What's it like?
The stereo’s good, which is useful, as the new 3.0-litre TFSI V6 can be a little bit intrusive at ordinary speeds. Up the pace, and there’s a very Audi-like sound, its tone not dissimilar to a five-cylinder, the raise in tempo bringing plenty of pace. The engine’s about 80% new, the most significant switch being from a supercharger to a turbocharger, the promise being the twin-scroll, hot V located turbo with its short gas-flow access to the intake manifold makes for a more responsive engine.
Certainly it’s quick, with the additional 21bhp it brings allied to the useful 60kg drop in weight (some 14kg of that from the engine alone) allowing the S5 to reach 62mph in 4.7sec - 0.2sec less than the outgoing car. Top speed is an electronically limited 155mph. There’s a more immediate build up of torque, the higher 369lb.ft peak arriving at 1,370rpm before offering a flat line across almost its entire rev range. Changes to the combustion process help the S5 achieve all this yet return greater economy, too, the S5’s official combined consumption figure being 38.7mpg, while the CO2 emissions figure is 166g/km (on standard 18in wheels).
With Drive Select as standard, the S5 offers the usual choice of engine, transmission, suspension, steering and exhaust configurability, ranging from Comfort through Auto and to Dynamic. It’s worth setting up the Individual specification to allow various elements of the pre-set choices to be picked, particularly for the steering which in its Dynamic setting brings an artificial weighting and numbed response that builds off centre to the point of distraction.
Leave the steering in Comfort, and it’s more linear, more predictably weighted, and while not delivering anything that could be usefully described as feel it’s accurate enough. The cars on the launch all came fitted with the optional Sport Differential, which improves turn-in response and resists understeer, it feeling largely neutral unless you’re very ambitious with your entry speed.
If there’s any slip the quattro drivetrain diverting as much as 85% of drive to the front axle and 70% to the rear, but grip levels are high, even on Portuguese roads deluged by some unseasonable rain. In normal operation the quattro torque split is 40/60 front to rear, though the reality is that the S5 more usually feels like a front-wheel drive that happens to have the ability to divert drive to the rear than the other way around. It’s all very surefooted as a result, but it’s never particularly engaging, which doesn’t really come as a surprise.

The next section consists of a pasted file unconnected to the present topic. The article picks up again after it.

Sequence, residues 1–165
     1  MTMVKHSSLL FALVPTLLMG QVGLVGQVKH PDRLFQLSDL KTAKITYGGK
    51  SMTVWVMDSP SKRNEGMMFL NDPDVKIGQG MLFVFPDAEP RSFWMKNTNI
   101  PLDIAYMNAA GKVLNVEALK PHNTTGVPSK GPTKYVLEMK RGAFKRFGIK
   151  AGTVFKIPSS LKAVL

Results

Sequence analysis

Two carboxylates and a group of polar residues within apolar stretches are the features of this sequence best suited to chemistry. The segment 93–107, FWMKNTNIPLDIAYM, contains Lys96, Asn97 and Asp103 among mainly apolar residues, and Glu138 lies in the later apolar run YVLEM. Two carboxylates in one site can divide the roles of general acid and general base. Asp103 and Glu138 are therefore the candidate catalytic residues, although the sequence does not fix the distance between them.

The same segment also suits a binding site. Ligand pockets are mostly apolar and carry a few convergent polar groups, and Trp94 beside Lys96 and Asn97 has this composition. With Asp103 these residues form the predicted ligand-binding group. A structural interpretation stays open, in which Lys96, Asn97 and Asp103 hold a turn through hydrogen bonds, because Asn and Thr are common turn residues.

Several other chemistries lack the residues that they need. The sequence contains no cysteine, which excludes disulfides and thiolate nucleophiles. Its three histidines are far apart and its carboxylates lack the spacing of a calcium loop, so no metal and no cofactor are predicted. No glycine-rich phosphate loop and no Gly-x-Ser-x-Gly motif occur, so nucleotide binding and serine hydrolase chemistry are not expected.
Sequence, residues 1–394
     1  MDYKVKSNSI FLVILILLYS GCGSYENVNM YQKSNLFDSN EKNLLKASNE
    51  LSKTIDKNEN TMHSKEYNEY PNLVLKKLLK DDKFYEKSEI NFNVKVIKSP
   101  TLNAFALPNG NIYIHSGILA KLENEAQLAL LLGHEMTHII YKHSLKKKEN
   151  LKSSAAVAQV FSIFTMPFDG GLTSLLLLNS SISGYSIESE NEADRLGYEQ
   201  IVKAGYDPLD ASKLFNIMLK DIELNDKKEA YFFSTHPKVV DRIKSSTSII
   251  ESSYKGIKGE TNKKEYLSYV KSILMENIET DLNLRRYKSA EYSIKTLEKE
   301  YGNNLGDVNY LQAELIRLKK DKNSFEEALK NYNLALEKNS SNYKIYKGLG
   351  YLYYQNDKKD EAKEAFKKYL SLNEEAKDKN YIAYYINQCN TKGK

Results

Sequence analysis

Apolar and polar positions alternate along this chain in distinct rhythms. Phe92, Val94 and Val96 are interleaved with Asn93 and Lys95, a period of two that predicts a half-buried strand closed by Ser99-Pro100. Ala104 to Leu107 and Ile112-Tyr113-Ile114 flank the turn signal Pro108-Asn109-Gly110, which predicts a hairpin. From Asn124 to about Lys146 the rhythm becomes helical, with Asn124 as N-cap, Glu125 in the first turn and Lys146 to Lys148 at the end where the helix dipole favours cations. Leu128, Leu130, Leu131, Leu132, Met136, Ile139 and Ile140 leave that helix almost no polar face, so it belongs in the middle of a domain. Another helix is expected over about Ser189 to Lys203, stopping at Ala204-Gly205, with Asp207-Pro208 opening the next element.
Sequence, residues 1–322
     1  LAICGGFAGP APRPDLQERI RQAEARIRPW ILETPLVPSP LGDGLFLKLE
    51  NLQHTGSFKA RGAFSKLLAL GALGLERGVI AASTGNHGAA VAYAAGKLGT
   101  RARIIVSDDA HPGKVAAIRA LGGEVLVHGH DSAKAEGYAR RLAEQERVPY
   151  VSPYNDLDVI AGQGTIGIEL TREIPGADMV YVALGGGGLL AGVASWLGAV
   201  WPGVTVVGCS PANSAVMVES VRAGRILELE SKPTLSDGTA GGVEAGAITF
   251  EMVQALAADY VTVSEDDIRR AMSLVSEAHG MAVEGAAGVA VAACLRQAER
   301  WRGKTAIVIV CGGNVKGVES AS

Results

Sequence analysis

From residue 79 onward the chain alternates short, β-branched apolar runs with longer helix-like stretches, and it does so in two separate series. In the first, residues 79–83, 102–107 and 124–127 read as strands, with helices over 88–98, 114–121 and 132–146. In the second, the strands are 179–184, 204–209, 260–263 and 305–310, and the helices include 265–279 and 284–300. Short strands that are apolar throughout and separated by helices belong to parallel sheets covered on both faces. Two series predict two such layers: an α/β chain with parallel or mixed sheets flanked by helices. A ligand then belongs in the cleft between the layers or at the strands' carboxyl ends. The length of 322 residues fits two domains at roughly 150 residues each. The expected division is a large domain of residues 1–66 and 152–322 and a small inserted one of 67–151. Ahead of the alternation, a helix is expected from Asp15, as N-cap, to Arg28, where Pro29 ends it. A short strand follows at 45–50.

It is not helped particularly by the eight-speed automatic transmission. A torque convertor unit rather than a twin-clutch, and ask it to hurry and it loses its composure delivering jerky shifts. Fiddling with the Drive Select does little to improve things, feeling like there’s a slight disconnect between it and the engine. The 3.0-litre TFSI V6 loses some of the old engine’s charm in transformation to turbocharging, but it’s more responsive, and thanks to that flat peak torque always brisk, but there’s little incentive to really push it that hard, even if the S5 is unquestionably a quick, and capable, car when asked.
Benefitting that is suspension that delivers fine control mated to a decent ride. Even on 19in wheels (18in being standard) and the S5’s 23mm drop in ride height thanks to its S sport suspension with five links front and rear it rides with civility. Choosing the firmer damper settings adds some unwanted frequency to the proceedings - there's enough control mixed with composure to leave it in its Comfort mode. There’s some sophistication to the ride quality, to the benefit of comfort, though for all that you’ll be more entertained in either a Mercedes-AMG C43 4Matic Coupé or a BMW 440i MSport Auto, but then we suspected that would be the case, and in fairness the S5 gets closer than it’s been to its key rivals than ever before.